Dec 27, 2008

Perhaps you are asking, "Hey, Merle Wayne Sneed, how did that Visa Debit Card business work out for you?" Glad you asked. So far it sucks to be me, vis-à-vis the Visa, anyway. I went to my credit union yesterday and signed an affidavit, swearing I was not at the Food Lion #786, 10 Village Center Rd., Reisterstown, MD., on 12/24/2008 and did not spend $423.80 of my hard-earned cash there. Then, I had to make a report to the local police, documenting the incident. Perhaps you are wondering why I had to make a police report, since it is impossible that any one at the Hooterville Police Department actually gives a crap about some criminals in Maryland and my Visa Debit Card. Well, they make people report these things to keep the victims honest. The thinking goes that if I have to report a theft to the coppers, I'm less likely to make stuff up. The reality is, that except for the really big fish in the identity theft business, no one tries to catch the thieves. For Visa it is a cost of doing business. Anyway, all the paperwork is done and in ten short days, more or less, I will get the missing money back. It is an inconvenience, not a huge deal to me, but for many people this sort of thing could really mess up their finances. I asked if I could restrict my card to PIN number transactions only, but Visa won't go for it. Evidently the money they lose to fraud, is more than made up for by the additional business that is generated by letting anyone, anywhere use anyone's card number. Ain't Visa great? Things in this blog represented to be fact, may or may not actually be true. The writer is frequently wrong, sometimes just full of it, but always judgmental and cranky


Reya Mellicker said...

My wallet was stolen once upon a time. You would not believe what I had to go through in order to make right what was never my fault.


Barbara said...

Doesn't it almost make you feel just a little guilty when you have to sign all that garbage swearing you didn't do it? We've had several instances of people in foreign countries using our Visa number as much as a year after we were there. I figure they just squirrel away those numbers and pull them out when they think you're long gone. I don't think we've ever had to sign anything though.

Squirrel said...

who is squirreling away numbers? Pine cones and black walnuts, acorns, yes, but numbers???

Megan said...

Nope, Visa not great.

Wow, I didn't have to file a police report. I wonder if that is a new development, or if Washington Mutual just feels they are above all that?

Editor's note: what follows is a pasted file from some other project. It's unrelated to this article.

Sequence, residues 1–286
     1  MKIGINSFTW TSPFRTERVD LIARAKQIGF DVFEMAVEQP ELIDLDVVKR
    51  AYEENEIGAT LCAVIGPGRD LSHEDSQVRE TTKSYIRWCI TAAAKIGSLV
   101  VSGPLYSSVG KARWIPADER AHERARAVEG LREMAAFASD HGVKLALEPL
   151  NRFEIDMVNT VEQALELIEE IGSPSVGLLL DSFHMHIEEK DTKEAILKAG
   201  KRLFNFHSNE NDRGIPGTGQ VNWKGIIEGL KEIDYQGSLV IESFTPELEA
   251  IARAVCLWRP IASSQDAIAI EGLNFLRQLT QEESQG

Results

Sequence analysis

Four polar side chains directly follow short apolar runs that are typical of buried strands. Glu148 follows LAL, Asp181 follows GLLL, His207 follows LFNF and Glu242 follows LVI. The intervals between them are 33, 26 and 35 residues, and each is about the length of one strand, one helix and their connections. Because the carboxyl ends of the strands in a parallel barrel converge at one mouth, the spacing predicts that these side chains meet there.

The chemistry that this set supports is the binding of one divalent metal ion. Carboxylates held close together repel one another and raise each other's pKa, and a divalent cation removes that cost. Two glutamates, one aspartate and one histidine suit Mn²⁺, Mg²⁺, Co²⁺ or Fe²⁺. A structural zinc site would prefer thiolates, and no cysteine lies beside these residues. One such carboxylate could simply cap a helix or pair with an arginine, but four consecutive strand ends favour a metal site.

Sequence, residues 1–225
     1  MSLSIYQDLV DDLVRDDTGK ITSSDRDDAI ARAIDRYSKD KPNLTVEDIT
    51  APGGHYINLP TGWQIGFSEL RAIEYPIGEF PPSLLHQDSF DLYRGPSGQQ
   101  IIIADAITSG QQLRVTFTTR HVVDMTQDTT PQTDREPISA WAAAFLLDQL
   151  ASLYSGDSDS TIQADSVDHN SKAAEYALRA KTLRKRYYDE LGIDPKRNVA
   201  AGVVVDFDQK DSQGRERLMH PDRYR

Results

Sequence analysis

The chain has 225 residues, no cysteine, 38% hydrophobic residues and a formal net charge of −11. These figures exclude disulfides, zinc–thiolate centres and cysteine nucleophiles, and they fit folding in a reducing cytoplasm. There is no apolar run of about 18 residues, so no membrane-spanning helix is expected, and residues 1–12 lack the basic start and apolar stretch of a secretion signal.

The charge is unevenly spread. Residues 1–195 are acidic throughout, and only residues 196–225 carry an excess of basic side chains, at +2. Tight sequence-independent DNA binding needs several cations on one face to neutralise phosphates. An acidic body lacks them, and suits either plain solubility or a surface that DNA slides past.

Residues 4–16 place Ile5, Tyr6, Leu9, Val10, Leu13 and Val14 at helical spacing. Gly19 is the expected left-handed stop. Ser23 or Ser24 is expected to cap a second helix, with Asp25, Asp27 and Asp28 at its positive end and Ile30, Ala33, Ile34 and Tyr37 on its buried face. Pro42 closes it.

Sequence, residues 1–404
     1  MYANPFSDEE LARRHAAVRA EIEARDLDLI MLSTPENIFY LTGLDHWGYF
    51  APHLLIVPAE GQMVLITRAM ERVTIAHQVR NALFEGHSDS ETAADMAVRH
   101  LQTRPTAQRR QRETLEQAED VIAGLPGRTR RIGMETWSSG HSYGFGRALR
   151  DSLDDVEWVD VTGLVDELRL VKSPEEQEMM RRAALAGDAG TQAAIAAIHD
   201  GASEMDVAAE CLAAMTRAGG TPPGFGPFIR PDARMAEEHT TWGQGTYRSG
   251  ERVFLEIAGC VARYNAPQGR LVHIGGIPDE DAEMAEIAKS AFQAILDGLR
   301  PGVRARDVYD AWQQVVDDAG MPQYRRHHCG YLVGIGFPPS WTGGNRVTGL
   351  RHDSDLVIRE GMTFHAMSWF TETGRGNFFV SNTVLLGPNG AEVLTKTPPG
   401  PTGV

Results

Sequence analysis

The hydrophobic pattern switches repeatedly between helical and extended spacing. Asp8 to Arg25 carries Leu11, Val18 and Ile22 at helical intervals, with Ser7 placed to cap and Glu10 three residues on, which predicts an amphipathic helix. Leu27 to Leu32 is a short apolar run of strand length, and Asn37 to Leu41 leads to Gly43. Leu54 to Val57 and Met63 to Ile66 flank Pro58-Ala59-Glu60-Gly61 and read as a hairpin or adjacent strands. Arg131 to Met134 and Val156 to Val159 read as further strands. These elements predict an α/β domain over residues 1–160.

I will never forget how incredibly casual everyone at the bank was about the incident...all in a day's work.

Coffee Messiah said...

Last year, after a stay in a hotel in Chicago, I started seeing charges in the UK......I called the bank and only had to fill out a form as you stated, nothing else.

What's going on down there to have to go to the police station? They didn't take your photo or fingerprint ya, did they?????

Cute grandchild too and a very proud looking grandpa ; )

Julia said...

OK, I have a plan. You give me your credit card number. I'll buy all the expensive things I want, and you file a claim. Nobody comes looking for me and I go on with my life. I send you a nice present for your troubles.

Brenda said...

My company trains on identity theft prevention. Once you have been "hit" you should not stop at filling out an FTC notarized affadevit and filling out a police report, but you should place a freeze on your credit files with all the 3 credit bureaus. I would do so far to also inform DMV, your utilities and other place where you have provided your private information for ongoing services. They may or may not want to add this info to your accounts but if you documents who you called and who you reported the incident to, if any other problems surface in the future, you have your documentation to show you did your best to report the fraud.

I say these steps are important because your stolen card could also include other stolen info that may in the future be used. Other accounts may have been opened in your name which you will not find out about until much later even if you cancelled your bank cards. Collection agencies are relentless in trying to force people to pay accounts they didn't open so taking these steps will prevent them from trying to collect debts you didn't create.

The law in most states say they cannot collect debts consumers didn't create and they cannot sell the account to other collection agencies. Might be wise to check your state ID Theft laws.

If you make these reports now and freeze your credit files, you have now created a paper trail. If something happens later and you never took the necessary steps to report the fraudulent use of your cards or your private information, you will be hard pressed to convince companies and agencies you had this prior problem and are not responsible for the charges.

Filing reports and calling creditors is a time sucker but it may spare you future aggrevation and loss of money.

tut-tut said...

I've recently discovered an almost forgotten concept: carrying cash! I always worry about what you just experienced, as it's so easy for someone to use a cell phone to capture all this information with one quick photo click.

Avid Reader said...

we've been big cash people in our day to day drab lives, only pulling out the amex for special occasions. but special occasions are rare.